I expect when most people think of Tennessee Williams, they think of the plays he wrote, such as “Cat on a Hot Tin Roof,” or “The Glass Menagerie,” or even, “A Streetcar Named Desire,” all great movies, and plays. But he wrote other stories, and one novel, “The Roman Spring of Mrs. Stone,” among other things. But he also was a poet, and a good one, and in his book “In the Winter of Cities,” 1956, not sure if you can find a copy nowadays, his poetry is worth reading. He has good form, style, and wit; even some insight to share, and a tinge of wisdom. He is quite descriptive, and seems to follow modernism. Being a gay writer, in the 1950s he is kind of sly on how he produces his romances, leads one to believe contrary to what he is, yet he exposes himself a tinge. He has long poems, short poems, poems that make you think as a poem should, and some have effect, in that it can plague you.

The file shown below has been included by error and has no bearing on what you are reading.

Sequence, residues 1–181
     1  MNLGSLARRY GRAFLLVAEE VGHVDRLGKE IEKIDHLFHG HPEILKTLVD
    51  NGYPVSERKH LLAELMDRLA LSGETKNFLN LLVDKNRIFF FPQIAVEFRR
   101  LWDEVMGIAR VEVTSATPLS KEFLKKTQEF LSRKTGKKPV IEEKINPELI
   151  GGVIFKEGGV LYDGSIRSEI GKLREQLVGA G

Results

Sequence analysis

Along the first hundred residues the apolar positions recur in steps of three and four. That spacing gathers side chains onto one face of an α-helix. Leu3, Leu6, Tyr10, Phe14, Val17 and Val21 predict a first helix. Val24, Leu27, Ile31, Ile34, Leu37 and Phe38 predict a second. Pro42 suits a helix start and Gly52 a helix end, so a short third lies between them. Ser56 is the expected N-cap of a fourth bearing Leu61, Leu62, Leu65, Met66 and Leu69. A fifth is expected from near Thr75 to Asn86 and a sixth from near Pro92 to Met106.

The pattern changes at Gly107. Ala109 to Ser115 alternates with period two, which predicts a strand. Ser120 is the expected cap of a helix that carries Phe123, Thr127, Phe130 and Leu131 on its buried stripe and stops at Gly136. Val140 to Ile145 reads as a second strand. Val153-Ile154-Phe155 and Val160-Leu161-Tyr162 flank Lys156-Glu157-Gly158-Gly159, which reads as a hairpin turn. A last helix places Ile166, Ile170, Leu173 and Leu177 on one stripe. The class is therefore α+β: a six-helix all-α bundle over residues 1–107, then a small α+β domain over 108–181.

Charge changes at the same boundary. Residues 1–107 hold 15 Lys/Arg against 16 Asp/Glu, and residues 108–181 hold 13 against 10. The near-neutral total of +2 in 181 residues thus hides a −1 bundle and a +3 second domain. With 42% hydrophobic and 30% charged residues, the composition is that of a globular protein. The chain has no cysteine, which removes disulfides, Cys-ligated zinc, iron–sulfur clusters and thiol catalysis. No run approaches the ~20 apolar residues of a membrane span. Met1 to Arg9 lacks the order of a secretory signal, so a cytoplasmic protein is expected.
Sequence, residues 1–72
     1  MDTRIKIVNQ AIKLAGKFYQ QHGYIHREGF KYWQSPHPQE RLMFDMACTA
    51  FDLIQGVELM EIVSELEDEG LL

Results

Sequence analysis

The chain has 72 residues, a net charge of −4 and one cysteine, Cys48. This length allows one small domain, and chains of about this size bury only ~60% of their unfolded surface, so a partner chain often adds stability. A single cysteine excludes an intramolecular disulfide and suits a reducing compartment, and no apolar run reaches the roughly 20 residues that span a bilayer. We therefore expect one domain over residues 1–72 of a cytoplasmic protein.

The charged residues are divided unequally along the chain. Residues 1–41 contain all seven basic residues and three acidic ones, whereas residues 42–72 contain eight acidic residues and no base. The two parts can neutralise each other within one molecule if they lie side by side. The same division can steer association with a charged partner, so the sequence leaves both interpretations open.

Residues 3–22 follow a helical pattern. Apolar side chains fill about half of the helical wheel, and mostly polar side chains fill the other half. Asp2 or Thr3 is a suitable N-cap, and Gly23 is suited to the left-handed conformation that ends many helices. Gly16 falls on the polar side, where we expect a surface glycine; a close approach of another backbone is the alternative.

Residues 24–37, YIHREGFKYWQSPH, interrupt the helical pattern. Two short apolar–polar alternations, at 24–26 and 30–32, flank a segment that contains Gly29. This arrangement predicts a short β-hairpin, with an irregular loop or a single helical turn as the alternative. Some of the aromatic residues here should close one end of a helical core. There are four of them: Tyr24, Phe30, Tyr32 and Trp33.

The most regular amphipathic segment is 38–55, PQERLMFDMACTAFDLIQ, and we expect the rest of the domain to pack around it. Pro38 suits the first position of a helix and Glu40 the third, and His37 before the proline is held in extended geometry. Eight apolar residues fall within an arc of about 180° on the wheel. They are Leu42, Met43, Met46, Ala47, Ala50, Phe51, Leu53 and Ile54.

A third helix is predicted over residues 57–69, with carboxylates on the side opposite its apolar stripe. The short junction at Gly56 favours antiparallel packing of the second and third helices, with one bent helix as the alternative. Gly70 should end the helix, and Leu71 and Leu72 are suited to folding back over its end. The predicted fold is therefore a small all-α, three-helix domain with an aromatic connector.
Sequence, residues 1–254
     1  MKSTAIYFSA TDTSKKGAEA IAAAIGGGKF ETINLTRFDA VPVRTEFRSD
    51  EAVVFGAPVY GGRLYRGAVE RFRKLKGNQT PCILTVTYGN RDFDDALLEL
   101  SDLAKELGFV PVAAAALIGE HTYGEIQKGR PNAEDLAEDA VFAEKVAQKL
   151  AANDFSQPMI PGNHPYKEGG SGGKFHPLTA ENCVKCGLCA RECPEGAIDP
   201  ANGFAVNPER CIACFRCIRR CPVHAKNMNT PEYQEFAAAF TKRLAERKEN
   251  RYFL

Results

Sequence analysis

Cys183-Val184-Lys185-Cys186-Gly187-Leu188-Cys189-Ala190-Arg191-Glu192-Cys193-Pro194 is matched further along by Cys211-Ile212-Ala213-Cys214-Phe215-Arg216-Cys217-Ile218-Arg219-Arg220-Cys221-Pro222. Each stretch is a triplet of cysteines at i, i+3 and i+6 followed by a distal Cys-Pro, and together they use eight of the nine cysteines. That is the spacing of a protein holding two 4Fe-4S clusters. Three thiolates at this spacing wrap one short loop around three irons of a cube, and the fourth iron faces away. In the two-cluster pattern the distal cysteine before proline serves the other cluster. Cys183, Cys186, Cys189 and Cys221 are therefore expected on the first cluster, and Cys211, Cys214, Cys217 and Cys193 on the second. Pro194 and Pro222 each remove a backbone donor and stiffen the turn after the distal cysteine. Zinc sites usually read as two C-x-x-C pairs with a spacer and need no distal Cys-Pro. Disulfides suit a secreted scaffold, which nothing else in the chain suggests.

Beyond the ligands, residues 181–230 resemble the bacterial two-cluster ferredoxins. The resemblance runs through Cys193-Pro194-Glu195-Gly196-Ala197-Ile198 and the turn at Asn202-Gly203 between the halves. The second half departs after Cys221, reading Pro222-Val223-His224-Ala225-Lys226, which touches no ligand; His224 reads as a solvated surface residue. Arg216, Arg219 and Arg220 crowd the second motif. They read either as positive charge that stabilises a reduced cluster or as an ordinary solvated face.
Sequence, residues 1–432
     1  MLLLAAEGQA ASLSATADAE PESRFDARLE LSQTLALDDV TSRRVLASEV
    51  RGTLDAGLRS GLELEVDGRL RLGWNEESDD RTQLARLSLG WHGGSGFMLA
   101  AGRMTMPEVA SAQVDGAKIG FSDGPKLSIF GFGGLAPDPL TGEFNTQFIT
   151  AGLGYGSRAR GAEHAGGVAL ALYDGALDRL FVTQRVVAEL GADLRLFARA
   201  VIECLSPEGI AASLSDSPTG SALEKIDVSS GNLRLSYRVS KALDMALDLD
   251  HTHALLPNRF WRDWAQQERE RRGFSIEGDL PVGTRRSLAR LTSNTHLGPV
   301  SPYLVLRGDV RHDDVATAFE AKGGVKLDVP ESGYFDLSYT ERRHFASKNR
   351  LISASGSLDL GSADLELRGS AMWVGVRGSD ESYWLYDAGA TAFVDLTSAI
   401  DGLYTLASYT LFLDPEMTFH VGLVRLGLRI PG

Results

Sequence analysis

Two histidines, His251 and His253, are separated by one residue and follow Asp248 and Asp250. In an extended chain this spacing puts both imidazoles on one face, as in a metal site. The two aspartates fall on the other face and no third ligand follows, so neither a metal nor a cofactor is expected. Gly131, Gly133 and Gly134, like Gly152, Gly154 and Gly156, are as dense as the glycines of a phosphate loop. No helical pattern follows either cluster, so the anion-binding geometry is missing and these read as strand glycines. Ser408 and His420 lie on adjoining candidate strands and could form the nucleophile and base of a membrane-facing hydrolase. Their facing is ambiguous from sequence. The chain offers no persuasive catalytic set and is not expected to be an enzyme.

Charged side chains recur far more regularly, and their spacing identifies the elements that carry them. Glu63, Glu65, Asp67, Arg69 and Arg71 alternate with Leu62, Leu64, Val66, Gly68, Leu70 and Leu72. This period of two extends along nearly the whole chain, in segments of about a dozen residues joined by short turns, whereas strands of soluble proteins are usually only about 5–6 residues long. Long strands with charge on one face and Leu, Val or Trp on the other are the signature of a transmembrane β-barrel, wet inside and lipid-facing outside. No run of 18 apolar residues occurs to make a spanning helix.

There are several good writers from the past (like Tennessee), that wrote poetry first before heading out to bigger things, so they felt, and some were good and some not so good. Faulkner wrote two books of poetry, it really was a mess, I have them both, and he should have simply not published them. Hemingway, published a few small books on poetry, he is next to Ginsberg with his style, or ethics when he writes poetry, it is more of a release for him, therapy you could say. Not good at all. Robert Howard, who wrote many books and stories, was a great poet, and loved the art, but made no money from it so he stuck with his he-man Series.
Some of the great poets today, like Robert Bly, and Donald Hall, I need not say much, they are good, and have been for ages it seems. But Tennessee, fits the unknown poet bill, so if you get a chance to read his poetry, you might be doing yourself a favor.